Kalighat style Bengal, India, Calcutta
Lakshmi, Goddess of Prosperity and Beauty, lustrated by elephants [Gajalakshmi] [The goddess Lakshmi lustrated by elephants] 1855-60 Place made: Kalighat, Kolkata (Calcutta), West Bengal, India
Materials & Technique: paintings, watercolours, watercolour, silver paint watercolour
Dimensions: support 38.8 h x 28.0 w cm mount 41.5 h x 30.6 w cm
Acknowledgement: The Gayer-Anderson Gift 1954
Accession No: NGA 91.1316
Subject: Hindu Kalighat School Deities
  • Acquired in Dundee, Scotland, by Colonel Thomas Gayer Gayer-Anderson, 1953
  • held in the collection of Colonel Thomas Gayer Gayer-Anderson and the late Major Robert Grenville Gayer-Anderson, Pasha, both of The Little Hall, Lavenham, Suffolk, England, 1953
  • who gave it to the Commonwealth of Australia, 1953
  • held by National Library of Australia, Canberra, after transfer from London, 1954-1991
  • transferred to the collection of the National Gallery of Australia, Canberra 1991.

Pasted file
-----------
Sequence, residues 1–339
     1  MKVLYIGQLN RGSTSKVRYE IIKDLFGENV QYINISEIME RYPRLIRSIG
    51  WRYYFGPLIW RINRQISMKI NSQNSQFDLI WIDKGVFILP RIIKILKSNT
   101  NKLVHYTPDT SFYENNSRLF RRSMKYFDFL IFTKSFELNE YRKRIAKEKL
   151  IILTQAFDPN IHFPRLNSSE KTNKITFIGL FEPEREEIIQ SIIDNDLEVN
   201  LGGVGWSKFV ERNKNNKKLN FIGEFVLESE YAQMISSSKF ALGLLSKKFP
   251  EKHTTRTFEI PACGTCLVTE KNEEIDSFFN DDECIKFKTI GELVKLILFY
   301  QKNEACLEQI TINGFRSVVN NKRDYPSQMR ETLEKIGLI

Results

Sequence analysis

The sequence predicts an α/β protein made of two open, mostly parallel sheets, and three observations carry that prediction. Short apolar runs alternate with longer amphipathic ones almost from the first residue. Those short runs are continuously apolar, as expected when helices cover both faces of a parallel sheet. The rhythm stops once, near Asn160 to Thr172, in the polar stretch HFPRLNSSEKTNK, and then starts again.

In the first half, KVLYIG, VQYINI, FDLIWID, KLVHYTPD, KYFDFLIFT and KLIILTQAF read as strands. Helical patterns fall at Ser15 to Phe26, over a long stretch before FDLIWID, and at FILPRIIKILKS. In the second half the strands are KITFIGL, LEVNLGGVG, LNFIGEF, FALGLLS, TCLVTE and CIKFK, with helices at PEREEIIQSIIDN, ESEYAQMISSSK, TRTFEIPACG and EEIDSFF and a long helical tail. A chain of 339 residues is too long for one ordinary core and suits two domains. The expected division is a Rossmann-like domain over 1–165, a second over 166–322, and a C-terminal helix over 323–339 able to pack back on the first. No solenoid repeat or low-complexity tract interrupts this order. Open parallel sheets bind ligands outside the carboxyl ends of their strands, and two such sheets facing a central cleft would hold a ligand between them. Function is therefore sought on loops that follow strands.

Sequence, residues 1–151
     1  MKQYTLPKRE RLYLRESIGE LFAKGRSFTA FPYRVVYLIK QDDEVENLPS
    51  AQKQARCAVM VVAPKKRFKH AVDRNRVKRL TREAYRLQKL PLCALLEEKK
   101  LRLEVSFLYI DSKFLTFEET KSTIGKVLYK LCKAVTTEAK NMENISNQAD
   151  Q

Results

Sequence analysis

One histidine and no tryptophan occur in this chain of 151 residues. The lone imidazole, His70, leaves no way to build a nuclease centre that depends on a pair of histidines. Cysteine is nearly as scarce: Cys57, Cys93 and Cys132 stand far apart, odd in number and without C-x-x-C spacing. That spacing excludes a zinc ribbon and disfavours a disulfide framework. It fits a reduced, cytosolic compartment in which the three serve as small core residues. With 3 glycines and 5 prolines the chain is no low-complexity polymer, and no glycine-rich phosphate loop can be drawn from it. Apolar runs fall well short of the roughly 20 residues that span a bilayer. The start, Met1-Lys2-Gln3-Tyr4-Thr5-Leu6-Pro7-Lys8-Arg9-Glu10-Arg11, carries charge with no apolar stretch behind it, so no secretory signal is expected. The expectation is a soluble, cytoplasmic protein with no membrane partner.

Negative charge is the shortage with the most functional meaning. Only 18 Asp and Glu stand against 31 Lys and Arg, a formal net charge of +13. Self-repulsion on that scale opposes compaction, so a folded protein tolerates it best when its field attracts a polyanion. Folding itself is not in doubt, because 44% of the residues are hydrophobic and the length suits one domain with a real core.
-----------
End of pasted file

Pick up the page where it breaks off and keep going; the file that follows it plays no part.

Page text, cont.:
• The collecting history of this painting is partial. The earliest known transaction is its acquisition by the donor in Scotland in 1953. The National Gallery of Australia welcomes further information regarding its history of ownership prior to 1953.
  • Born of the churning of the Ocean of Milk when the gods created the nectar of immortality, Lakshmi is the goddess of prosperity and beauty. She is the chief consort of the god Vishnu. Here she is seated on the lotus throne on which she rose from the ocean. On either side of the goddess, the elephants that emerged with her sprinkle water from the holy River Ganges. Charged with holding up the four corners of the world, the elephants also symbolise good fortune.

    Text © National Gallery of Australia, Canberra 2011
    From: Asian gallery extended display label